Synopsis + Table of contents + Prologue

 

A Brief History Of Man by Anthony O’Keeffe

Synopsis:

A BRIEF HISTORY OF MAN is about what we now know, and how we know it. Because for the first time in man’s history we can look back and say, scientifically, where we came from, how we got here and what it is that makes us who and what we are.

Soon after we left Africa about 70,000 years ago our evolution suddenly took flight. Our population exploded and we quickly began living as cultural beings in an increasingly organized, proto-society.

We began to trade, to use personal ornamentation, to ritually bury our dead, to paint caves, and to produce the thousands of “Venus” figurines that we have now unearthed. And it was at this point that we began to speak.

Yet all this happened in the depths of the Ice Age, and at a time when our closest neighbour and nearest rival the Neanderthal suddenly perished. Why? What were all of these developments for? And why did we suddenly become so much better at surviving because of them?

Because it was then that we began to practice belief. Belief is what makes us who and what we are, and is what those practices were for. But what we believe in is immaterial.

God does not surface until much later, and only emerges with our need for a legal code. And that only happens after the ending of the Ice Age and the arrival of agriculture.

Belief on the other hand is the ultimate response to our understanding of what it means to be human. For we are first and foremost problem solvers. And belief is our way of solving all our problems.

See the promo for it here.

Table of contents:

Chapter 1 – Knowledge – Part 1          5,000-2,500 years ago

the first civilizations – the Ice Age – agriculture – cultural evolution – the scientific method – the sun, the moon and the stars – Greece

Chapter 2 – Knowledge – Part 2      2,500 years ago to the present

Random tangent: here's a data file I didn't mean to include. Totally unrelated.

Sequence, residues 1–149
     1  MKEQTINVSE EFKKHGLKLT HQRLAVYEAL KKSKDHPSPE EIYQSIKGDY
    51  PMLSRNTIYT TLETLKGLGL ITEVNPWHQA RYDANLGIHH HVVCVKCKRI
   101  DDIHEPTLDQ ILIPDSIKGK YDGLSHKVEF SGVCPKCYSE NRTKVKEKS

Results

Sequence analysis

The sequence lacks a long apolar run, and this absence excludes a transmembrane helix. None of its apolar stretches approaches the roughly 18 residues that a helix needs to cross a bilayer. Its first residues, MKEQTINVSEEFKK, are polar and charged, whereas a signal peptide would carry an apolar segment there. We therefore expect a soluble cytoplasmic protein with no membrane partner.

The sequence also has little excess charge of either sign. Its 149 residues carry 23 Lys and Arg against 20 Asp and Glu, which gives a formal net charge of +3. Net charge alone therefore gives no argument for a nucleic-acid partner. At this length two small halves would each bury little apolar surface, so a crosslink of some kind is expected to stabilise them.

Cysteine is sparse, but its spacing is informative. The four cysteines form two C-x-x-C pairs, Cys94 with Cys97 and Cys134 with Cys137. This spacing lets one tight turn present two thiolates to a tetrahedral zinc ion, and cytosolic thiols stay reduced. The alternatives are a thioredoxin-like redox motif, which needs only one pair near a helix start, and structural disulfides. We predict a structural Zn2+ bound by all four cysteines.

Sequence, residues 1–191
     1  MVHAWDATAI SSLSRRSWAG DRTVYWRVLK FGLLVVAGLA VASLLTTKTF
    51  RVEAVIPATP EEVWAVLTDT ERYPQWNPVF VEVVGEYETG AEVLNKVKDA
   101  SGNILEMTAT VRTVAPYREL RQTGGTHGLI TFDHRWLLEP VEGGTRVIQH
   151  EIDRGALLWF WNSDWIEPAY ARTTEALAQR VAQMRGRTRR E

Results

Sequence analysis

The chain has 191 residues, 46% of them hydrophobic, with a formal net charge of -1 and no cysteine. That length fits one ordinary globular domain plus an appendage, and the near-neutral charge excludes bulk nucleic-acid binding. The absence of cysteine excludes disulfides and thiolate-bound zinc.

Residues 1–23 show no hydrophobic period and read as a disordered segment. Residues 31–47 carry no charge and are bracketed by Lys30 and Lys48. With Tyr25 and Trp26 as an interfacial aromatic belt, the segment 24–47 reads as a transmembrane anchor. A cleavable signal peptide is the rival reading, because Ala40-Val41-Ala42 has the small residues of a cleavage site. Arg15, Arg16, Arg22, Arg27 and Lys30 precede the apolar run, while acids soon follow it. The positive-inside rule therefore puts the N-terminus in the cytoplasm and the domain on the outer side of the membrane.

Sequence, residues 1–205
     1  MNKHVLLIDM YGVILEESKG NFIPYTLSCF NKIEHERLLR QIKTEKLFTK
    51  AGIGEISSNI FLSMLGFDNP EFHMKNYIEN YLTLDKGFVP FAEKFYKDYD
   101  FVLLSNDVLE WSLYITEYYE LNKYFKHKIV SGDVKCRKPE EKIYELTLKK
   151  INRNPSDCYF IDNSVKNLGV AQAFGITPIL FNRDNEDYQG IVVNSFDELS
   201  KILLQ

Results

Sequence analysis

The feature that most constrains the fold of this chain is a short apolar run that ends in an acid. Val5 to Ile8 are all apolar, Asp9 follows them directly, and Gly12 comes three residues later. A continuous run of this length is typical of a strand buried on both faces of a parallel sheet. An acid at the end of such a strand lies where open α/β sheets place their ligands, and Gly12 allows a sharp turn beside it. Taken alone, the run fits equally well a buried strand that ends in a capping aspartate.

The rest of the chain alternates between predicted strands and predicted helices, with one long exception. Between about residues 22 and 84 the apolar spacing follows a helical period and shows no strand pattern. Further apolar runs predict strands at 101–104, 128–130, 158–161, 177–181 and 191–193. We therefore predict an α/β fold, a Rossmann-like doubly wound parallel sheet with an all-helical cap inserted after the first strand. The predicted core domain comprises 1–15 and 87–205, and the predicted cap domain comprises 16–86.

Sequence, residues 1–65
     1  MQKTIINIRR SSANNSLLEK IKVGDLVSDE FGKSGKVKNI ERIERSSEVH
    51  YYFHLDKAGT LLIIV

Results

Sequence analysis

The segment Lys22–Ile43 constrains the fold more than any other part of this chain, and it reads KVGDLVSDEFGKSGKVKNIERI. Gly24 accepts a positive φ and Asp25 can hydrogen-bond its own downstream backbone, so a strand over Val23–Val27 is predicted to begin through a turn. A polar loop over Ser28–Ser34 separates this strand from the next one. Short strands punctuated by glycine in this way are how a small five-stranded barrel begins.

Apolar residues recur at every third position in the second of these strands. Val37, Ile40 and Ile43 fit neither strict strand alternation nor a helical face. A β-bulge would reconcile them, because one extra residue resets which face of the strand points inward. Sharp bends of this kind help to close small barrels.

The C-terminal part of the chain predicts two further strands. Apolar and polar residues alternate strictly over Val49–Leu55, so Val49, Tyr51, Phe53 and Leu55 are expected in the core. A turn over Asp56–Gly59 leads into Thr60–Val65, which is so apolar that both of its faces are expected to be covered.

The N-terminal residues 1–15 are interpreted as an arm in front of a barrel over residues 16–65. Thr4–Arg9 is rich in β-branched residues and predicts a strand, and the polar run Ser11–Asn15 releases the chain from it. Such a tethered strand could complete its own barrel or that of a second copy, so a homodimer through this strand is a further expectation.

the Greek legacy – Plato and Aristotle – the Golden Age of Islam – the Islamic legacy –the Scientific Revolution – archaeology – today

Chapter 3 – Our Ancestors      6 million to 100,000 years ago

the first threshold: bipedalism – the second threshold: stone tools – induction – mimicry – our tool kit expands – fire – emigration – dissatisfaction – curiosity – the third threshold: language

Chapter 4 –  Language     100,000 to 50,000 years ago

cave paintings – the beginnings of speech – the larynx, and the origins of language – writing as a precedent – what is language for?

Chapter 5 –  Belief      50,000 to 15,000 years ago

from survival to culture – burial of the dead – the extinction of the Neanderthals – cave paintings – the “Venus” figurines – our population begins to increase – the two worlds we live in – the shape and form of spirits

Chapter 6 –  God and Law     15,000 to 5,000 years ago

Sumer and Egypt – God – our population spreads – agriculture – the first villages – politics – the Law – a moral universe – belief and God

Epilogue –  Man

Select bibliography

Prologue

When we look back at the most important thinkers throughout history, the vast majority of them have one thing in common. Almost without exception, they were powered by their belief in God.

Whether expressing themselves artistically, or exploring their curiosity scientifically, whatever they did was done either for the glory of God, or in the hope of better understanding His design.

But belief and God have only very recently become so invisibly entwined.

God is a relatively recent concept. He only emerged with our need for a legal code. That only materialized with the emergence of the first complex societies, after the advent of agriculture some 10-11,000 years ago.

Belief on the other hand is the defining characteristic that distinguishes us from all of the other species in our genus. It is what makes us who we are. And we began to practice it soon after we left Africa, around 70,000 ya. So belief and God emerge independently, and for different reasons, serving their own separate ends.

But in order to understand the difference between belief and God, and the specific needs they fulfil for us, we have to start looking at them both scientifically. And so far, there has been an enormous reluctance to view belief and God in the light of the evidence available.

At this particular moment in time, a scientific overview of the world, and our beliefs, are seen as two completely separate entities. Which is a reaction to what has happened to belief and science over the last few centuries.

As we moved from the Age of Reason into the Enlightenment during the 17th and 18th centuries, there was a growing sense that we were on the cusp of solving everything. That feeling of innate superiority was one of the defining characteristics of the Romantic movement in the 19th century that followed. There was a quiet confidence that very soon, our unique ability to reason would reveal the complete workings of the universe, and our place in it.